Serial Gay Killer Sentenced

Staten Is. man will serve at least 65 years in two New Jersey murders; suspect in others

A New Jersey judge sentenced Richard W. Rogers, a gay man from Staten Island, to what is effectively a life sentence after he was found guilty in the 1992 killing of Thomas R. Mulcahy and the 1993 slaying of Anthony E. Marrero.

“It’s the maximum sentence that is permitted under New Jersey law for the crime that he was found guilty of,” William J. Heisler, the executive assistant prosecutor in the Ocean County Prosecutor’s Office, who handled the case, told Gay City News.

The verdict had come on November 10 after a four-week trial, but sentencing happened only last week.

On January 27, James N. Citta, the New Jersey Superior Court judge who presided over the case, gave Rogers a 30-years-to-life sentence for murder with another two-and-a-half year minimum for hindering apprehension in the Mulcahy slaying. Citta gave Rogers the same penalty in the Marrero killing.

The judge required that Rogers serve all four sentences consecutively. Rogers, 55, will have to serve a minimum of 65 years before he is eligible for parole.

The Associated Press reported that Citta called Rogers “an evil human being” and expressed the hope that he die “in some hole in some prison without ever having freedom again.” Citta concluded by saying, “That’s the judgment of this court… We’re done. Take him out of here,” the AP reported

The remains of the 57-year-old Mulcahy, a businessman from Sudbury, Massachusetts known to visit gay bars when in New York, were found in two locations in New Jersey as were the remains of the 44-year-old Marrero, also known to be gay. Both men had been carefully dismembered and wrapped in plastic bags. Rogers’ fingerprints were found on the bags holding the remains of both men.

The murder cases went unsolved until 2000 when a 14-member task force that included investigators from the New Jersey State Police, Ocean County, and New York’s Rockland County re-opened the case. New technology was used to identify the fingerprints on the plastic trash bags and matched against fingerprints from Rogers taken when he was tried but acquitted in Maine of the 1973 murder of 22-year-old Frederic Spencer.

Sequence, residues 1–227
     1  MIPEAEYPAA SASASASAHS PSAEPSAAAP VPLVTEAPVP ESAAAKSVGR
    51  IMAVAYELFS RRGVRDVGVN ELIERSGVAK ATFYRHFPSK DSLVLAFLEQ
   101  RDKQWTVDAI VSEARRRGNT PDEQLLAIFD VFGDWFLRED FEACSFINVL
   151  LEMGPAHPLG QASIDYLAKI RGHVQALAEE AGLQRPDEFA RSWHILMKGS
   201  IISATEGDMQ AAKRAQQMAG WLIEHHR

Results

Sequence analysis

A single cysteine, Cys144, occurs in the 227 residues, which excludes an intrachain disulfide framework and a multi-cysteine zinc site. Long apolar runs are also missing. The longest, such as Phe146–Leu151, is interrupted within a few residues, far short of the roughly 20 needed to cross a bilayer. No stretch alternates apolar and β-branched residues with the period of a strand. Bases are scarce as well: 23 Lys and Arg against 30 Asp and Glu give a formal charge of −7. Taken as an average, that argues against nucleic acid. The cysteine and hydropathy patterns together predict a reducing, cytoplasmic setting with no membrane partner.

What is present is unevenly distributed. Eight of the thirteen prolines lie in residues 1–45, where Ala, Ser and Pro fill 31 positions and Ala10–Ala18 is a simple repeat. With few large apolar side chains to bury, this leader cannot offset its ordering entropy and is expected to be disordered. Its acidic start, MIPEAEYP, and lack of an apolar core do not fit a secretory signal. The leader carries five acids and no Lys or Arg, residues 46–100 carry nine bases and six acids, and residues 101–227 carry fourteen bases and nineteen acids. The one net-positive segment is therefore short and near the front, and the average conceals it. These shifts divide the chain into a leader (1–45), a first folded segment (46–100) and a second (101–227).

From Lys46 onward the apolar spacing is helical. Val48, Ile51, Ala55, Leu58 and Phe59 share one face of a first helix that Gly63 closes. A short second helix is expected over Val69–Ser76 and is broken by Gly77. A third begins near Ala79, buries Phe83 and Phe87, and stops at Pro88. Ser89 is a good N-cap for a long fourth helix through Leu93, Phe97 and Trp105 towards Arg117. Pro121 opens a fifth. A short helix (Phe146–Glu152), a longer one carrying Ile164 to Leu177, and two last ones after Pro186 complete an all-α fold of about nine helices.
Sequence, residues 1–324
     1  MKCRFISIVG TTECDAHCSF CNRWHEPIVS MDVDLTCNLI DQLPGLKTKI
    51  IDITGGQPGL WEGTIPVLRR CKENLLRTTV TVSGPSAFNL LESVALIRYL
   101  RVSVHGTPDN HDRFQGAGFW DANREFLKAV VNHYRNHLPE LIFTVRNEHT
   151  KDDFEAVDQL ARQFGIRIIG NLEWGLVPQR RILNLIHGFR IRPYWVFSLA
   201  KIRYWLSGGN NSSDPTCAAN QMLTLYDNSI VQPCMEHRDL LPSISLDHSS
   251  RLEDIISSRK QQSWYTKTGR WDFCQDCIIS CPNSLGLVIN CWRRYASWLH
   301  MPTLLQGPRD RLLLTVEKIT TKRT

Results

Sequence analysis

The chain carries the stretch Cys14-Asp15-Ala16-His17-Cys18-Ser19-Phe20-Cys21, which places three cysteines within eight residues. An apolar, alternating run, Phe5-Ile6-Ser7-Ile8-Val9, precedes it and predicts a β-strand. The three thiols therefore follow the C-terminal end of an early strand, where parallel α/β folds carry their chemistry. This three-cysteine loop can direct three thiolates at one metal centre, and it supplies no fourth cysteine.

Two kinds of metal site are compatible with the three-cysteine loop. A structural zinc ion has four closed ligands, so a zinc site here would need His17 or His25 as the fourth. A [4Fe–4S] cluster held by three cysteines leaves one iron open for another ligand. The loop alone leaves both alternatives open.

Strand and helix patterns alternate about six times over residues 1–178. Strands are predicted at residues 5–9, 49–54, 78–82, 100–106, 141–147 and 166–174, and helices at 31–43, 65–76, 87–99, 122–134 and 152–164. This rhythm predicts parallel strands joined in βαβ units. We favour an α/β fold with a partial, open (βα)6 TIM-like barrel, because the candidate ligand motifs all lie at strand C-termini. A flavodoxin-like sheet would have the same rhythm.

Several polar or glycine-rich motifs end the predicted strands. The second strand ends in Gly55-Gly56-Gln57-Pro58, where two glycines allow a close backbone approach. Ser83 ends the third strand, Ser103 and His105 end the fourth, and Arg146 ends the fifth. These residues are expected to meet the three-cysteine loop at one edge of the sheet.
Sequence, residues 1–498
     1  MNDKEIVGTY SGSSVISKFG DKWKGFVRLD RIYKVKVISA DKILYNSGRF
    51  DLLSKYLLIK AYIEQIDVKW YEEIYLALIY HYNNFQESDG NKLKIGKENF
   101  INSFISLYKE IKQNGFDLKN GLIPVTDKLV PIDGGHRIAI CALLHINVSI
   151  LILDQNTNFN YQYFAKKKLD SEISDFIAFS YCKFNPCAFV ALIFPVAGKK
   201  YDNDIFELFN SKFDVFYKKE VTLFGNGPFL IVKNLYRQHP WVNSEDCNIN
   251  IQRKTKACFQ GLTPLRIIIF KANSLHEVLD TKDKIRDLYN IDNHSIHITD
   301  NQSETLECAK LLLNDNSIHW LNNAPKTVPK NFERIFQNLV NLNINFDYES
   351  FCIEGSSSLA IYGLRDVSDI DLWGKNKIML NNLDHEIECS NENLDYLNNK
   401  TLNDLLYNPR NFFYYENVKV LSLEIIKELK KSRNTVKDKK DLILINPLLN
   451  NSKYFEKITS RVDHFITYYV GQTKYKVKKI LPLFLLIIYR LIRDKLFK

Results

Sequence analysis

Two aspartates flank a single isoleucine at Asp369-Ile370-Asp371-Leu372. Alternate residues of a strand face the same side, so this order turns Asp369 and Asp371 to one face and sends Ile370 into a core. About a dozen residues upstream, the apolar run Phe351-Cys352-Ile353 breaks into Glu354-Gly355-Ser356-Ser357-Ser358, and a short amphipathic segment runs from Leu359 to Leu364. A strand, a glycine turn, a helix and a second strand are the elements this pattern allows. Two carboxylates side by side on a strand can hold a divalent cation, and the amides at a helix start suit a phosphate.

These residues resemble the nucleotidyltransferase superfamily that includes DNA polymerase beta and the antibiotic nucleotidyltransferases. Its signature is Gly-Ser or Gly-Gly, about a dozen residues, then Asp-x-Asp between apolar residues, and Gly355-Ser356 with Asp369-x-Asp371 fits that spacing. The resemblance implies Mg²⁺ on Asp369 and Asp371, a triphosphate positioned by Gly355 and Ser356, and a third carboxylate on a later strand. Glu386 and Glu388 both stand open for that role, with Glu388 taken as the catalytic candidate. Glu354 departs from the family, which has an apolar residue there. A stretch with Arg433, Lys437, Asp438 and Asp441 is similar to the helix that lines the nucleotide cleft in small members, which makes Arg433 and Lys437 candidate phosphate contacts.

Citta allowed the prosecution to present evidence during the trial on two out-of-state murders that Rogers was not charged with but for which he is a suspect, based on key similarities between those killings and the Mulcahy and Marrero slayings. The jury saw evidence in the killings of Michael Sakara, 55, whose remains were found in New York in 1993, and Peter Anderson, 54, whose body was found in Pennsylvania in 1991.

Citta did not allow evidence of the 1982 murder of Matthew John Pierro, 25, in Florida, to be introduced. Pierro was found with ligature marks on his neck, indicating he had been strangled, and multiple stab wounds to his body. Rogers is considered a prime suspect.

Sakara, but not Anderson, had been dismembered in a way that matched the Marrero and Mulcahy dismemberments. Rogers’ fingerprints were found on the bags that held Anderson’s body, but not on the bags that held Sakara’s remains. A witness saw Sakara and Rogers together in a Greenwich Village bar hours before Sakara’s body was found.

Police never determined where the Mulcahy and Marrero killings took place and that will be an issue for Rogers’ appeal, David A. Ruhnke, Rogers’ attorney, told the AP. In order to convict Rogers, the jury was required to make a finding of fact that the murders took place in New Jersey.

Ruhnke told Gay City News in an earlier interview that the evidence on the Sakara and Anderson killings would also be an issue on appeal. That evidence tended to represent Rogers as a serial killer. The concern was that the jury would convict him on that basis and not on the Mulcahy and Marrero evidence.

“I think that’s exactly the message that the evidence sent and that the jury received, “ Ruhnke told Gay City News. “I think that was an enormously prejudicial decision by the judge and whether he was legally correct in making it is going to one of the primary appellate issues.”

Ruhnke has already filed notice of appeal in the case.

“We expect that in every case where there is a conviction,” Heisler said. “It’s routine.”

The New York City gay and Lesbian Anti-Violence Project welcomed the sentence.

“This is kind of a completion of a long struggle for two of the victim’s families,” said Clarence Patton, executive director of the gay victims group. “We don’t want to pile on, but what we would like to see is some of these additional cases get adjudicated so those families can get some measure of closure.”

Richard Rogers (left), a gay man from Staten Island, has been sentenced to what is essentially a life sentence in the murders of Thomas R. Mulcahy (center) and Anthony E. Marrero, whose dismembered bodies were found in New Jersey in the early ‘90s.

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